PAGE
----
At the Russian Library you meet men belonging to every class of society and men of every type: naval cadets of the Imperial service, students and literary men, tradesmen, men without occupation who do not know a word of English, all congregate there at some time of the day, and the smoke which issues from cigars and pipes and cigarettes welds all these atoms of Russian society into an indistinct mass.
If you leave the Library in Church Lane and turn into the Commercial Road and go eastward you come to a thoroughly Russian neighbourhood. Union Street and its adjoining mean little streets are mostly inhabited by Russian Jews and by a few Christians of the peasant class. The latter are very poor, fervid icon worshippers. Their patron saints are numerous, and range from the Archangels and the Apostles down to the less-known names of the Russian calendar. Though these icons (which are mostly coloured pictures of the Madonna and Child) are bought at most trivial cost, they are sometimes lavishly framed in silver.
Christians and Jews commingle freely with each other in free England, for the gates of the Ghetto are memories of the past. The orthodox Catholics and the Roman Catholics, the Raskolniks of every sect, the Talmudish Jews and the Karaiim Jews, and the Memnonites live in amity side by side, and their national customs and their national language are the bonds which unite them all.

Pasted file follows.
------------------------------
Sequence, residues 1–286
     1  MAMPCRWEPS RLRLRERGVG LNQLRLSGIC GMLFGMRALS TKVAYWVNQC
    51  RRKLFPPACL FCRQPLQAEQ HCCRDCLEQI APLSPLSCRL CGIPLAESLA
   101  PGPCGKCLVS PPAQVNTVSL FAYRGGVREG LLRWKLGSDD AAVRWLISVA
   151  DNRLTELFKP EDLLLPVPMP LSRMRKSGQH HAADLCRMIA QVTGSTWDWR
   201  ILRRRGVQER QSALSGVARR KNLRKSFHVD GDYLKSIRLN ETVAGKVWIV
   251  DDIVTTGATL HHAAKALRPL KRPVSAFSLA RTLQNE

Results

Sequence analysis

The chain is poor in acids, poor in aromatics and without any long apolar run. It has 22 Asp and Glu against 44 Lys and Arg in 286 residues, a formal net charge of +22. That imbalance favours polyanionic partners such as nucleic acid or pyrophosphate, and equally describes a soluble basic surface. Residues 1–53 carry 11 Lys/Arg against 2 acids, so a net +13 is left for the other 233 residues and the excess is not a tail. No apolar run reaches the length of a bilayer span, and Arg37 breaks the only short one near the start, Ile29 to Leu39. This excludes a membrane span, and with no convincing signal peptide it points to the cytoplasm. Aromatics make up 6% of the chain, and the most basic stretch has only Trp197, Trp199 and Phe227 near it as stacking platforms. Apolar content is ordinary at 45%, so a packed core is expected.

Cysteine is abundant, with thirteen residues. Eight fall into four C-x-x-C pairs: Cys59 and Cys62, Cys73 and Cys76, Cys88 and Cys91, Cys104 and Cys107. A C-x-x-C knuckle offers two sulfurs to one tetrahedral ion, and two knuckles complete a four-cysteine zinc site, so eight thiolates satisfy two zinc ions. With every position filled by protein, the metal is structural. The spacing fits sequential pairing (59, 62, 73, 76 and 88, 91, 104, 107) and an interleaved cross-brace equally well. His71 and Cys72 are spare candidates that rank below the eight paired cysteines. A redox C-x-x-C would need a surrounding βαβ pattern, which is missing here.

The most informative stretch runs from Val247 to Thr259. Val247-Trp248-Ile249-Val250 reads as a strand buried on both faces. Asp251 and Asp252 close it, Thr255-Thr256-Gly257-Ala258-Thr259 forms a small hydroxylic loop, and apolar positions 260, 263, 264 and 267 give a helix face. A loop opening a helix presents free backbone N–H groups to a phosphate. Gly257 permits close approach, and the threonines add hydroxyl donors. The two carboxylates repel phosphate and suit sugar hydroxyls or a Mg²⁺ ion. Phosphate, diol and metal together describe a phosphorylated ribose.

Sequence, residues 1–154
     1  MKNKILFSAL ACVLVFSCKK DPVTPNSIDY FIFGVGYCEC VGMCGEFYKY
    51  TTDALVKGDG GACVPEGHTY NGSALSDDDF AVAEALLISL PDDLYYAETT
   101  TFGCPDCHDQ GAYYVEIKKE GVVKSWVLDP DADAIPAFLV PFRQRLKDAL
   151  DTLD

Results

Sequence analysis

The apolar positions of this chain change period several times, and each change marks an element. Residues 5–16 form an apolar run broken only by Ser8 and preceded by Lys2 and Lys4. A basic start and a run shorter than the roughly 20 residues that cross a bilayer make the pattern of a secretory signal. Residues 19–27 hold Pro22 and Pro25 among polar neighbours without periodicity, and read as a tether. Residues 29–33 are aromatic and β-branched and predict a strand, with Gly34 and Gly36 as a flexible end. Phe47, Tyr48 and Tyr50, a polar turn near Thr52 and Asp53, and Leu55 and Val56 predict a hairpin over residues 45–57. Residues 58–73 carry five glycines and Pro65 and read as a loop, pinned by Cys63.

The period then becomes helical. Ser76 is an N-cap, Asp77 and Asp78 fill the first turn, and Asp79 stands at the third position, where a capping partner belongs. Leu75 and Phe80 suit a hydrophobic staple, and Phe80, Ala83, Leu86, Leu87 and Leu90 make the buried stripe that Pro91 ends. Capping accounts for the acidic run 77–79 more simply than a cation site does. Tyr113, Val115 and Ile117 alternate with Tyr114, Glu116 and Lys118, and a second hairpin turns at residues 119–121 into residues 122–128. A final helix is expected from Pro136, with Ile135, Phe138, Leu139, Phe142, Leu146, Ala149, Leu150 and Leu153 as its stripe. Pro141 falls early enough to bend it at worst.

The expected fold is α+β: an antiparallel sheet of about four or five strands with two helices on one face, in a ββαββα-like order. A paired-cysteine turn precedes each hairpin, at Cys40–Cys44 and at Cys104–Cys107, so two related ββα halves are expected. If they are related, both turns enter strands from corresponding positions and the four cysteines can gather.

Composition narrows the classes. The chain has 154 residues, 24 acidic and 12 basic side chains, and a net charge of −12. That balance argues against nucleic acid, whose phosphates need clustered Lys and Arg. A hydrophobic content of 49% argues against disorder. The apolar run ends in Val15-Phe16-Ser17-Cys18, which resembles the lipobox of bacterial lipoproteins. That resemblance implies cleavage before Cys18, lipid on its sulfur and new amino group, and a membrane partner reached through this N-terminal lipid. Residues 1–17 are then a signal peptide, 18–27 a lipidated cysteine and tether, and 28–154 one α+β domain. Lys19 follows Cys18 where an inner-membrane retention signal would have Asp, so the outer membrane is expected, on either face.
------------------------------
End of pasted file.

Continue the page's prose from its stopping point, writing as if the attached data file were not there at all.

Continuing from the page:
Race and creed are forgotten in that busy beehive of East London. Men and women and children only struggle for their daily bread. But by far the most successful strugglers are the Russian Jews. Their thrift is almost phenomenal, and may be said indeed to be often brought to the verge of absolute miserliness.
Yet, after all, who can blame them ? If they live on a piece of black rye bread and an onion, or a piece of fish fried in olive oil by way of a luxury, they at least know that their frugality and economy will, by-and-bye, enable them to alleviate the wants of their old people at home or bring some young and cherished relative out of the ” land of bondage.”
How constantly these voluntary and involuntary Russian exiles manage, through sheer industry and economy, to send remittances to their friends, may be inferred from the fact that nearly a million of roubles is yearly sent to Russia and Poland by the Ghetto Bank of Whitechapel. Drafts from five roubles upwards are issued by this bank, and for the convenience of customers it is open till ten o’clock at night, with the exception of the Jewish Sabbath. It reopens on Saturday evening, and it works all Sunday. It transacts every kind of business connected with banking, shipping, emigration and immigration. It has agents in every important town of Russia, and in all the provinces of the empire, including, of course, Poland.